(In collaboration with Termometro Politico)
Today, we are going to talk about the Greek referendum; however, we also have to include it in a wider framework. The world is changing and this referendum is a symptom of a general European crisis. It is not only an economic crisis, because currently this drift is happening on more sides: social, military, political, a crisis of fundamental European values.
The Greek situation unmercifully shows the European Union uneasiness and its contradictions: since the crisis began, the political European debate has only been subordinated to economic rigor and financial stability. It seems that our politicians have forgotten the European original values: peace, democracy and solidarity.
Analyzing the pivot of the Greek crisis we can observe we are condemning Hellenic citizens in relation to their debt; nevertheless, I think the point is different: the Greeks did not create their debt or manipulated their financial statements to enter in the Eurozone. Their politicians did it, however they are free, not in prison, and they are not paying anything for their mistakes. Instead, their citizens are paying with tragic consequences.
In 1953, the European Countries, including Greece, decided for the German debt restructuring, the same restructuring that now Germany intends to exclude. The European Union was born to create a federation of States, to defend us from the URSS, to improve our relationships and it was based on the above-mentioned three core values. Nevertheless, now the European Union is divided in three blocks: the first, the Northern Block, is composed by Germany and Northern States, which want to base the communitarian policy only on economic strength and structural reforms. The second one – the Eastern Block – is led by Poland, which is scared by Russian threats and seems to prefer the American alliance than the European one, maintaining an high level of tension in the relationships with the Siberian Bear.
The third one, the Southern Block, is formed by Portugal, Spain, France, Italy and Greece: a block without a real leadership, unable to suggest an alternative vision of European Union.
After centuries of struggles and two World Wars, we are yet incapable of finding common interests and share political actions. We are motionless and fossilized on a World that does no longer exist. We are still focusing on acting singularly, without understanding that the World is changing and moving away from us. Meanwhile we carry on fighting us each other while the U.S. unipolarism is finishing and another order is rising. Strong powers are raising now their voice in the international balance of power, such as Russia, India, and China. In addition, many others want to be duly considered, such as Iran.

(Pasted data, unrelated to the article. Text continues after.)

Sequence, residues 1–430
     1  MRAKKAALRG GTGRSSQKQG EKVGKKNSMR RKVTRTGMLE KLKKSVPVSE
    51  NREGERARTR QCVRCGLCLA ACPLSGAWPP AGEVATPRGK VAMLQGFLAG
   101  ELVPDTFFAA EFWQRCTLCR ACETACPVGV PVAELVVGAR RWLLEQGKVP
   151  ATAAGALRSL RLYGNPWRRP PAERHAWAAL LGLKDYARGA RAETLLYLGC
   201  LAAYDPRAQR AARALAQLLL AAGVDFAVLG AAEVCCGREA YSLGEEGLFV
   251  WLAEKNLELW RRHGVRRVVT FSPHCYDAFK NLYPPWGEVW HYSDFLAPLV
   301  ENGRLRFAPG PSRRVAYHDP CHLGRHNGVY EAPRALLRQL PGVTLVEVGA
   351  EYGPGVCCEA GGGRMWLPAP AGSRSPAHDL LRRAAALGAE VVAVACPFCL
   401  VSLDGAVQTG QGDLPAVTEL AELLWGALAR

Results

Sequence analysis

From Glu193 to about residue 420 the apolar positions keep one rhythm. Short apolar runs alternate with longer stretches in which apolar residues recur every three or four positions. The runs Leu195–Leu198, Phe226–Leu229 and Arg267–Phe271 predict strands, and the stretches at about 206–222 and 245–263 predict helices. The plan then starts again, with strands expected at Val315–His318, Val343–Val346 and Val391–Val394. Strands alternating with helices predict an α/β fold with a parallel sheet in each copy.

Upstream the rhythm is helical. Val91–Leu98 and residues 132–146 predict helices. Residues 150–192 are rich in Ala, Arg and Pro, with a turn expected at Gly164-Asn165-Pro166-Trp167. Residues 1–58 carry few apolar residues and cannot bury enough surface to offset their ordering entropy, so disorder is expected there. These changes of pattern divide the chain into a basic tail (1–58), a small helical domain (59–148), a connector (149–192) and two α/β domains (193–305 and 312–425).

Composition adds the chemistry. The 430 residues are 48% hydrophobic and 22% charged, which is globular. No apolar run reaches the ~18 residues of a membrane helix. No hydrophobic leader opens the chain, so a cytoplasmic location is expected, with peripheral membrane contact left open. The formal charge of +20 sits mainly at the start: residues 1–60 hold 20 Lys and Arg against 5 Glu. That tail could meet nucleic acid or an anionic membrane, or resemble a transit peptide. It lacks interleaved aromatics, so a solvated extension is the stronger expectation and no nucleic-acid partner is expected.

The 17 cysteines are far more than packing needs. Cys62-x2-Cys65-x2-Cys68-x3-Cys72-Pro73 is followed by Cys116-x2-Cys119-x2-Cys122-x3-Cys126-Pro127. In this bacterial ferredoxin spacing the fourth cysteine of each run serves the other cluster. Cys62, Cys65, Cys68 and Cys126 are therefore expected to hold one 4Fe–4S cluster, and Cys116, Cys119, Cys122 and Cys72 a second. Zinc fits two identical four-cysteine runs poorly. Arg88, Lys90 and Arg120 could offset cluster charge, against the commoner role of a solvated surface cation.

Currently, the European Union is being threatened by the rise of the Islamic State (ISIS) and several Islamist fighting groups, has ambiguous allies like Turkey, Qatar and Saudi Arabia (the first is suspected to be compromised in ISIS sponsorship, the second and the third are well – known squares of private funding in favor to all Sunni battalions); is supporting a gulped government infiltrated by Nazi elements in Ukraine; is negotiating the TTIP, whereas currently this deal is more favorable for the U.S. then the EU interests. Lots of problem, so, but no solution at the horizon. Moreover, in February George Friedman, Chairman of one of the most influential U.S. think tanks (Stratfor), affirmed during a conference in Chicago, that the U.S. primordial interest for centuries, and now indeed, has been to prevent a coalition between Russia and Germany because it would be the unique real threat against U.S. power. No answer from frau Merkel.
In conclusion, the Greek referendum does not regard only an “economic matter”: it concerns an overall European drift. If Europe cannot be able to help State members, how could they find and defend our interests? One of the political pivots affirms that a State has to reach its primordial aim before reaching the others if it does not want to die. The primordial aim of a State is its survival, declined in its security; however, we are not ready yet to rethink a European security. Not a security based on the U.S. supremacy: it is time to think of a European security free from the interests of our overseas allies, as it is once again demonstrated by the fact that during the chaos of Lyon, Susa and of Middle East, Obama was concentrated on national issues related to the decision in favor of same-sex marriages.
The Greek referendum, the last sign of a Europe in distress, opens a new chapter in the communitarian process and maybe it could help our leaders and politicians to find the strength and the willingness to recreate an European Union finally based on our common interests.
Bachelor’s degree in Political Sciences (University of Milan)